With the help of M:EE global mentor Nathan Scott from Cyclone, they built an exact replica of the land, photographing the Red Zone and then overlaying it into the Minecraft world using coding. The students even created an algorithm of their own!
Once the initial lay of the land was set up, the students were split into groups and each team was tasked with ideating a proposal for how the people of Christchurch could use the space. They brainstormed ideas of infrastructures they could build that would benefit the whole community – from sports facilities to homeless shelters to campgrounds with sustainable gardens.
Thirty-one students all vying for the best plot of land for their project led to some debates over who should get what. Sitting around a printed map of the red zone, with post-it notes representing their buildings, the class community worked together to come up with a solution that would work for everyone. The town-planners made their case for why they needed specific pieces of land, with strong reasoning to back them up. Encouraged by teachers to think about existing infrastructures, as would be necessary in the real world, one sports-loving team argued “we need to be by the river because we want to offer rowing at our sports centre”.
Pink and yellow Post-Its shuffled around the map like chess pieces until the majority of the class was happy with the location of their building site.
“I’d say the class was 90% happy with the outcome of land divisions. They came to understand the need to adapt, negotiate and make do for the greater good of the community,” says Tui Waters, one of the teachers at Chisnallwood Intermediate.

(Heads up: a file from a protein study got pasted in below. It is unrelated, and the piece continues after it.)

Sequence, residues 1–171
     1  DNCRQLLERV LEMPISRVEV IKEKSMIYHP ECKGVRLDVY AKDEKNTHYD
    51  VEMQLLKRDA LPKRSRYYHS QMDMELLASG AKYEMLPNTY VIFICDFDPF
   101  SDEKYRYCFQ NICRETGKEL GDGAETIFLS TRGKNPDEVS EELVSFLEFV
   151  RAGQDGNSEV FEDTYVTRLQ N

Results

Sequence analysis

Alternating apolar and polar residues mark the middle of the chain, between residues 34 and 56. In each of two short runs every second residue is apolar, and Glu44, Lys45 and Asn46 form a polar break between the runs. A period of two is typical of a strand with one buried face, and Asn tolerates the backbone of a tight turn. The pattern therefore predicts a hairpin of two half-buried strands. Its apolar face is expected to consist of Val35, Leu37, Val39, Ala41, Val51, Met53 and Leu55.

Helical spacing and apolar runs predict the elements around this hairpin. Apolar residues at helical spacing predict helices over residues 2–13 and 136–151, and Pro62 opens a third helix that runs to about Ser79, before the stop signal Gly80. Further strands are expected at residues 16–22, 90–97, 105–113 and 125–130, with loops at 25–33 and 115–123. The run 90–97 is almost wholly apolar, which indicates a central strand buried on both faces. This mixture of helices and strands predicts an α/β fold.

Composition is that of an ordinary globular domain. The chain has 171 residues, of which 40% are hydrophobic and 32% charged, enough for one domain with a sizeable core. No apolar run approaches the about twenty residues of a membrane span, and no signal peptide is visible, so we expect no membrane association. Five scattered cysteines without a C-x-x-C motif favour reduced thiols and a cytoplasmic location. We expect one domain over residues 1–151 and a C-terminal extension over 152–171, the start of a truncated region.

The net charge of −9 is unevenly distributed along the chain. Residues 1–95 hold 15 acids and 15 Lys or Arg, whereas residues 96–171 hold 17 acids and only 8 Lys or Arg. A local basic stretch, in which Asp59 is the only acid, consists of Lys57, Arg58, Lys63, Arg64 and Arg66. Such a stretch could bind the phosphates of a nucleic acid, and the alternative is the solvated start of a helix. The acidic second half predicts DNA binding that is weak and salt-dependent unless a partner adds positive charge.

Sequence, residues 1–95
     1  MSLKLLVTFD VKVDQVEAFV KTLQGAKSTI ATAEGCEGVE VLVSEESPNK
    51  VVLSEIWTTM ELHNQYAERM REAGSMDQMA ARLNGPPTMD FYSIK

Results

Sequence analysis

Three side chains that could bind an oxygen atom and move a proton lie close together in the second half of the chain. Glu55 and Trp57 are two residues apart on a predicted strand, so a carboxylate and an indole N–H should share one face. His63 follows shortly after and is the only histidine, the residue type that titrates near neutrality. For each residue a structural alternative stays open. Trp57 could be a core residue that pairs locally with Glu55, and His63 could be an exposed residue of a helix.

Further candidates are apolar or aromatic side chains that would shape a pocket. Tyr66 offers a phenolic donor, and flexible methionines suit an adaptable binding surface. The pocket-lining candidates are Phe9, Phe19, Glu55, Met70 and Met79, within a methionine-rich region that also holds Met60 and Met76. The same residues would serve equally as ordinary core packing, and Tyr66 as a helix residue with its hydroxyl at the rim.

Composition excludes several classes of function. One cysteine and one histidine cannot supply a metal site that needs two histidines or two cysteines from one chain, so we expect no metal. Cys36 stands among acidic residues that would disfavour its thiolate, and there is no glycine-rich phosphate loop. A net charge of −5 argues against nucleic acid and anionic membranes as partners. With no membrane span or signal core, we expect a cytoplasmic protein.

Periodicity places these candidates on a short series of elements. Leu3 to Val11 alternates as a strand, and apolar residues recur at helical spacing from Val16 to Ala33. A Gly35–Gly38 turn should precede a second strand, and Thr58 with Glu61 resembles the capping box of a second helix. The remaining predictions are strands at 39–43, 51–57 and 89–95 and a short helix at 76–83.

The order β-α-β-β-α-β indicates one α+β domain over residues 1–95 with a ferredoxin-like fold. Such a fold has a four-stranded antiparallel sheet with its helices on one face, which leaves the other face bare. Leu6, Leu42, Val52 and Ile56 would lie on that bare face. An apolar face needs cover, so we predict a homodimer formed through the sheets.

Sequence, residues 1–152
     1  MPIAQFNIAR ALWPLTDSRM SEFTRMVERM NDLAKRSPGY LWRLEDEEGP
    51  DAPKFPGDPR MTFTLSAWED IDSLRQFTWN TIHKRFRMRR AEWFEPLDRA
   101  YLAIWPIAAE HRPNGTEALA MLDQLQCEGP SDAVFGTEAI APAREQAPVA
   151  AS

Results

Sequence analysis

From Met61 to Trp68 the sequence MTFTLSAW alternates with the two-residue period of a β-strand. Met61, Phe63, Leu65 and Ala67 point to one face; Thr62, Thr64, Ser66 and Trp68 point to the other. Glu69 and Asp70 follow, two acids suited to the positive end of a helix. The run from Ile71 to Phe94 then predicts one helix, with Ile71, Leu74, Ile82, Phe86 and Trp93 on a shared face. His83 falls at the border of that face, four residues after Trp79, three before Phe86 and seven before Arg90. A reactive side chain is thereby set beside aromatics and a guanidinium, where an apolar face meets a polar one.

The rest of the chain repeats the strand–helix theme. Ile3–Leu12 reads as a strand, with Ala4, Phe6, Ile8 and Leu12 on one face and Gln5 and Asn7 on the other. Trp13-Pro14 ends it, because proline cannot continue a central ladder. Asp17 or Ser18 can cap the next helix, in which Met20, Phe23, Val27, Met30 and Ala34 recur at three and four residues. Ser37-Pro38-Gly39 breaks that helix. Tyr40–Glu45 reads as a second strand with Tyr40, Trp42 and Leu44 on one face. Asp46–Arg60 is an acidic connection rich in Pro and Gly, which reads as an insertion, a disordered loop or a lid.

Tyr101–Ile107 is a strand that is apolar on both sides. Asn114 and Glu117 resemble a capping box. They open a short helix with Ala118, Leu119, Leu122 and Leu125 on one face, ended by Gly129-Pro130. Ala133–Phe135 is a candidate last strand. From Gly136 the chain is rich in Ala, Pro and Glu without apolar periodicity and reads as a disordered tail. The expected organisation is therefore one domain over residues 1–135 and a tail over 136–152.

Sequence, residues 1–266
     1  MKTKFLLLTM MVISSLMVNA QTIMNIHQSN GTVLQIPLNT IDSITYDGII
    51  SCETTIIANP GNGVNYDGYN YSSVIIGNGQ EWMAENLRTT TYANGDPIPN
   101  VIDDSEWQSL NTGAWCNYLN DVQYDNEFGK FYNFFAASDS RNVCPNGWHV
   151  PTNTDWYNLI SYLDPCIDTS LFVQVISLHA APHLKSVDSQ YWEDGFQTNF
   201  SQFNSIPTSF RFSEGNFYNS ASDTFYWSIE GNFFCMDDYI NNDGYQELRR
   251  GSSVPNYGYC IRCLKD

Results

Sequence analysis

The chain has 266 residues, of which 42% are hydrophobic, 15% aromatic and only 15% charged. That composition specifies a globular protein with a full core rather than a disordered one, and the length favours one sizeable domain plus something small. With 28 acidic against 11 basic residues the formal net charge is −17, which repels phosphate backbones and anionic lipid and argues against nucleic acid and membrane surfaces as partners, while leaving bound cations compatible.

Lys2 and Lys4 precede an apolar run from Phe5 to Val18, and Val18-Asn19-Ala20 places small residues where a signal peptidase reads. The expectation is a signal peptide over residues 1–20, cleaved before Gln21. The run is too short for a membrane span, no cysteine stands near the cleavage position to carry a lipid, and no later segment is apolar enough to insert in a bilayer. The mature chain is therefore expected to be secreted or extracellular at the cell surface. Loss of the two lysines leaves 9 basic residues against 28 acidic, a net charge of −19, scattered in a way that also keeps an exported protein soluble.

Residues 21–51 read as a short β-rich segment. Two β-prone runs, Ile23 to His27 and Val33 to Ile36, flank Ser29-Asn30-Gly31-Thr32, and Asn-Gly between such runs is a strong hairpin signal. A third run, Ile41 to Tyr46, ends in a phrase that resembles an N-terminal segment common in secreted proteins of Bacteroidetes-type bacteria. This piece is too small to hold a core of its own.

Once an empty piece of land, the Minecraft world’s virtual Red Zone is now the heart of the community and the students have learnt the life lessons of democracy, compassion and communication.
“Working with Cyclone to bring Minecraft to our school really opened my eyes. It’s not a game. It’s a tool for education. There is a need for communication with digital tools that I didn’t expect, and the kids learnt that too,” marvelled Iva Hamilton, Deputy Principal at Chisnallwood Intermediate.
Anna Duncan agrees. “It’s encouraged the kids to collaborate more. Because they are all working in the same world, they see what other groups are doing, then they ask questions and this drives collaboration and a bit of healthy competition amongst the teams.”
Teachers are now planning on working with Cyclone to expand into more core subjects using M:EE. Next on the agenda for Chisnallwood Intermediate is building animal kingdoms to expand students’ thinking around habitats and wildlife survival. Other teachers from the Induction Programme are working towards holding inter-school esports competitions. And there’s already talk of a global build challenge!
“Gone are the days when only the fastest, strongest or fittest could become sports champions. With esports, every schoolkid can be a star – and the teachers are having just as much fun,” says Lydia Kronawetter, Microsoft Education Industry Executive.
“It’s great to see Cyclone and the schools taking full advantage of what Minecraft: Education Edition has to offer, not only enabling the next generation with the skills and attributes more commonly associated with team sports, but also providing a new and engaging way for children of today to be educated.”